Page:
HomeNewsInvestigation into school start time, scheduling continues

Investigation into school start time, scheduling continues


During bimonthly topic team meetings over the past year, teachers and faculty of Carmel High School have gathered to discuss various ideas, one of which is the possibility of having a later school start time and the incorporation of more block days into the bell schedule.

“I was passionate about wanting us to at least take a look at options,” health teacher Leigh Cambra says. “I know the research shows it’s better for teenagers, and I was hoping a group of people could take a creative look at possible solutions.”

The American Journal of Pharmaceutical Education supports Cambra’s argument of starting school later in the day. A group of professors at the Auburn University Harrison School of Pharmacy conducted a cross-sectional study with 364 student pharmacists, concluding that an adequate night’s sleep led to higher examination grades and academic performance.

Years ago, former CUSD superintendent and psychologist Marvin Biasotti presented a 12-page report regarding the correlation between student health and sleep patterns and questioned changing the school schedule.

“[The issue] has been handed off to an entity of administrators, teachers and students that could actually propose changes,” says former topic team member Marc Stafford. “Only the school board could make the changes.”

In late spring of 2017, state-mandated testing allowed the manipulation of block day schedules to occur. Within the early stages of collecting data and after testing, Stafford’s topic team pushed out a student opinion survey on the school website, asking what schedule the students preferred.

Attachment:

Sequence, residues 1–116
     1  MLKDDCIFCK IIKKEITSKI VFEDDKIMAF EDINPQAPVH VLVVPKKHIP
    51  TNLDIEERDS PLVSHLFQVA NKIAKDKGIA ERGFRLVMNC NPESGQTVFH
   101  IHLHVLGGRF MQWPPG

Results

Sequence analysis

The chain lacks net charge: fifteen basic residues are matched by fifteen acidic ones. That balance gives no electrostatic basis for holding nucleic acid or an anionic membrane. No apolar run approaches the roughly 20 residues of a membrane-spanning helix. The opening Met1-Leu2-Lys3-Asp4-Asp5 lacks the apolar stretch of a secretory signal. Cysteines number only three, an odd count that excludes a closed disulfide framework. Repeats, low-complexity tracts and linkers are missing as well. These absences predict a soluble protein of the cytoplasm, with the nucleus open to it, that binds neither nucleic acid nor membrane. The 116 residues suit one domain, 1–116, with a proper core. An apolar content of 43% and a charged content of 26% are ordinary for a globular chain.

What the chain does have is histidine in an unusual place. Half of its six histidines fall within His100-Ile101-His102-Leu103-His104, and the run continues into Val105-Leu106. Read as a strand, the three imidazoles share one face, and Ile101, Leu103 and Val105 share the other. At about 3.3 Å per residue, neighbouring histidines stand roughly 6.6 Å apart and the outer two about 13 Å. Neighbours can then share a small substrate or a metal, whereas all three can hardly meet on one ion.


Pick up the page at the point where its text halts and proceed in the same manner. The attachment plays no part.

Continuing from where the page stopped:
“There would be a lot less homework if there were [four block days] per week,” junior Zeke Spooner says. “There would be less assignments and more time in class with the block periods to focus on a certain topic.”

While this view is popular among students, there is a problem with the unique circumstances of the testing week last spring.

“They didn’t have much homework because during junior testing there isn’t given much…. Otherwise the poor juniors would be screwed,” AP Statistics teacher Dawn Hatch says. “It definitely gave the kids a false sense of what that would be like.”

Not only is the possibility of schedule changes being addressed in the district, but advocates for pushing back school starting time include California Sen. Anthony Portantino. He introduced a bill late last year that would have required all California middle and high schools to start no earlier than 8:30 a.m., but the bill was laid to rest for the year on Sept. 15 after receiving only 26 of the 41 votes needed to pass.

“Of course, if it passes [in the future], we will comply to the full extent of the law,” comments assistant principal Debbi Puente. “In the meantime, we will be working on our next steps.”

The logistics of changing the school schedule brings up conflicts in other areas, relating to bus schedules, parents’ work hours, and extracurricular activities. Within the district, extensive coordination between all of the schools would have to occur.

“The biggest problem [is] transportation and how [we] would have to rework the whole transportation system here since we are a unified school district and we share busses,” Cambra says.

For the time being, although the Moodle poll gave many students the impression that schedule adjustments would be made soon, changing the school schedule is still in data-collection mode.

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